Averaging an area

Lively Data : October 20, 2003

Niño studies lead to define several areas. The "3.4" area (170°W-120°W, 5°S-5°N, above) is the one where we see the arrival of the phenomenon, before it arrives on the South american coasts. Sea level evolution over this area inform better than the evolution at one point (see Along-time data, Lively data, September 22, 2003) on this phenomenon (see "El Niño bulletin" and Applications: El Niño)

The LAS can plot the along-time variation of an average over an area. To plot such a curve, you have to select the variable (here Maps of Sea Level Anomalies Merged), then you may enter the area (5°N-5°S, 170-120°W: Niño 3.4 area), and afterwards click in the left menu on "Define variable". You can the whoose between "average", "minimum", "maximum", "sum" and "variance", determine the title of your plot, and the axis (x, y, t) along which the statistics will be computed. Here we choose "average", and x and y both. Then define the Niño 3.4 area on the interactive map. Then click on next, to go back to the previous screen, define the time period (here the whole available period for merged data), and one more time on "next", to plot the curve.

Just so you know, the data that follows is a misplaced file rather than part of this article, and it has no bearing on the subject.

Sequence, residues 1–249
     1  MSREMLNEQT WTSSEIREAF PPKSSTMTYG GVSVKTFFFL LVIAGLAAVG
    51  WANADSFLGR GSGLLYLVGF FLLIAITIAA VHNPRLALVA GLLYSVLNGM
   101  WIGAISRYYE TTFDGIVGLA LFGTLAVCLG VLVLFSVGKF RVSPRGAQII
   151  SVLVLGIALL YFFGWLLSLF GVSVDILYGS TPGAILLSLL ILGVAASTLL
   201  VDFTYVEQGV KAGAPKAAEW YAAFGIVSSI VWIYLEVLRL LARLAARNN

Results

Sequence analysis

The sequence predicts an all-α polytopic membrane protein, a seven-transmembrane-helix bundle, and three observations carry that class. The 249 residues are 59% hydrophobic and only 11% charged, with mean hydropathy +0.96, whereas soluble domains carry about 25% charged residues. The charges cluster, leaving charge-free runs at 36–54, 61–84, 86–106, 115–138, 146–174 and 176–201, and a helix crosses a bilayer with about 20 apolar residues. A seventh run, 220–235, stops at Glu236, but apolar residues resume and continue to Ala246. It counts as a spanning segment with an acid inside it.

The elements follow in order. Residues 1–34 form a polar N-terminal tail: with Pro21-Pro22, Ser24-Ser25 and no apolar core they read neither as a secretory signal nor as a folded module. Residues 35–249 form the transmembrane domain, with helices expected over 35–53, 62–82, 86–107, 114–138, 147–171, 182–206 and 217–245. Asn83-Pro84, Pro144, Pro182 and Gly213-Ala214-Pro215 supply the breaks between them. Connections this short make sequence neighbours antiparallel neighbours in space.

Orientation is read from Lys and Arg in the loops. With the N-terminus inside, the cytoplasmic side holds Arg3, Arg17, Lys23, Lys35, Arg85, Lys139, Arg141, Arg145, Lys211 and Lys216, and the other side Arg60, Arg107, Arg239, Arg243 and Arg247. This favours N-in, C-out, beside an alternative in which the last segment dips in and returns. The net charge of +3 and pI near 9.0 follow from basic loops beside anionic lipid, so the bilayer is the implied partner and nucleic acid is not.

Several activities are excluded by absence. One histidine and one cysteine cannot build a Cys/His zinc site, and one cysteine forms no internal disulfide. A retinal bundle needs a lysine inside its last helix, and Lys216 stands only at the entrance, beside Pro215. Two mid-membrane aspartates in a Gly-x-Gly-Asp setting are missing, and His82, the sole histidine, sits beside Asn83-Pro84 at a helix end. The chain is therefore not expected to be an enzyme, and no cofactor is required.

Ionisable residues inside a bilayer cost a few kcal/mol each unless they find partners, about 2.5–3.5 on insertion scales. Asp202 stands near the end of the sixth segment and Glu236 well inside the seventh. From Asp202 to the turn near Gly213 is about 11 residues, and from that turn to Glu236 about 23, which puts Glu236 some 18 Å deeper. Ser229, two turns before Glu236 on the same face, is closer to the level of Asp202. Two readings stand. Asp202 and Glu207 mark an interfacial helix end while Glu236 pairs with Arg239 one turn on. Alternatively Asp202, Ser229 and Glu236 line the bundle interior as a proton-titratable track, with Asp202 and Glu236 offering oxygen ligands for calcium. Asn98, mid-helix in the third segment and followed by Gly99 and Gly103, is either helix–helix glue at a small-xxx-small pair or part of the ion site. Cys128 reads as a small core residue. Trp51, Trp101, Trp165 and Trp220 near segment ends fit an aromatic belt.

Sea level anomalies over the Niño 3.4 area, on August 22, 2001 (first data available), October 16, 2002 (highest peek, during El Niño 2002), May 14, 2002 (lowest point of the curve, when an evolution towards La Niña seemed to begin), and September 13, 2002 (last available data at the time of the plot), all drawned with the same color scale (see Scaling the ocean, Lively data, July 7, 2003).